To establish copyright infringement, Trumpton’s creators would need to show which original works they are claiming copyright in, that copyright does exist in those works and that Radiohead has copied in relation to one or more of these works. The courts have developed a threefold test for infringement:
- There must be reproduction of an entire work or a substantial part of the work
- There must be sufficient objective similarity between the infringing item and the copyright work,
- And lastly, there must be some causal connection between the copyright work and infringing item.
Trumpton’s creators would have a claim for copyright infringement where they could prove the above test in relation to original works featured in the television show. If there is sufficient similarity in relation to a copyright work, the main issue would be whether Burn the Witch has taken a substantial part of the Trumpton series.
Tarnishing the brand
Trumpton’s creators seem particularly concerned with their reputation, and so it is worthwhile considering if passing off, which protects reputation, is relevant here. Passing off is a common law tort, and New Zealand law originated from the United Kingdom. There are three broad elements that a plaintiff in a passing off action must prove in order to succeed:
- there must be sufficient reputation or goodwill in a product or service or get up,
- the defendant, by adopting a confusingly similar get up, misrepresents its product or service as being connected to the plaintiff, and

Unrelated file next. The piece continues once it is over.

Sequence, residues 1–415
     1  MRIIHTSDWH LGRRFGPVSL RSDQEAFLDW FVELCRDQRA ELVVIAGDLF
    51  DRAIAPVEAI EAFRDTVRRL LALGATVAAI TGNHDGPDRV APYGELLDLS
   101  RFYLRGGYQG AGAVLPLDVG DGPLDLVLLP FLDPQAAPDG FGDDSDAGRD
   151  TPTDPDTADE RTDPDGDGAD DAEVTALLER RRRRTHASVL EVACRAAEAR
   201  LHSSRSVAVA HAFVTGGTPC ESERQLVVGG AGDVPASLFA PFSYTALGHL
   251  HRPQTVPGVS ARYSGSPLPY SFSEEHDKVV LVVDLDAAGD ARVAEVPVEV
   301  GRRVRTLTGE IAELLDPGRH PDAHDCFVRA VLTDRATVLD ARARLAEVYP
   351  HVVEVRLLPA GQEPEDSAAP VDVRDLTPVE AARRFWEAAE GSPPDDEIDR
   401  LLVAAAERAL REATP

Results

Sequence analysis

- damage has occurred to the business of the plaintiff.
In this case, it is likely that Trumpton’s creators could establish reputation within the United Kingdom given the popularity of the Trumptonshire Trilogy in that country when broadcast in the late 1960s. Reputation outside the UK may be harder to prove, and would depend on where the BBC had licensed the show.
The second and third requirements of passing off would be more difficult to establish however. It is unlikely that people watching the Burn the Witch video would be deceived into mistakenly thinking that it has come from the producers of Trumpton, or endorsed by the BBC or Gordon Murray (the creator). Firstly, this is because of the different contexts in which a music video would be viewed compared to a children’s television series and their likely audiences. Further, it appears that Trumpton has not been broadcast outside of England for fifty years. Secondly, it is likely that a British audience would have some knowledge of Trumpton and be astute enough to tell the difference in origin to Burn the Witch. Audiences of the music video outside of the United Kingdom may not have any knowledge of Trumpton and therefore would not be mistaken in the first place. It would be hard to establish damage suffered if there is no misrepresentation as there is no damage to reputation or goodwill. If misrepresentation was established, it would be hard to prove monetary loss or opportunities lost to licence the series as Trumpton is no longer broadcast.
Trumped (or stumped!) by copyright law?
The Trumpton and Radiohead issue arose in the United Kingdom, but the likely legal position suggested above would be the same in New Zealand.
It is important to seek expert advice on the merits of any copyright or other claim before proceeding and know what intellectual property assets your business has. Here at Baldwins, we can provide expert advice to ensure it is the right move for your business and work with you to put you in the strongest position in your case. If legal action is not the right move for your business, our experts can help devise strategies across your entire IP asset portfolio to protect your brand and company’s reputation and deter infringers. We offer an IP audit or review service which is a good start to assess what IP you have and where there are gaps in your protection.
If you would like assistance in any copyright issues, or have questions about other IP services, please contact us.
This article was written with assistance from Vicky Mullins.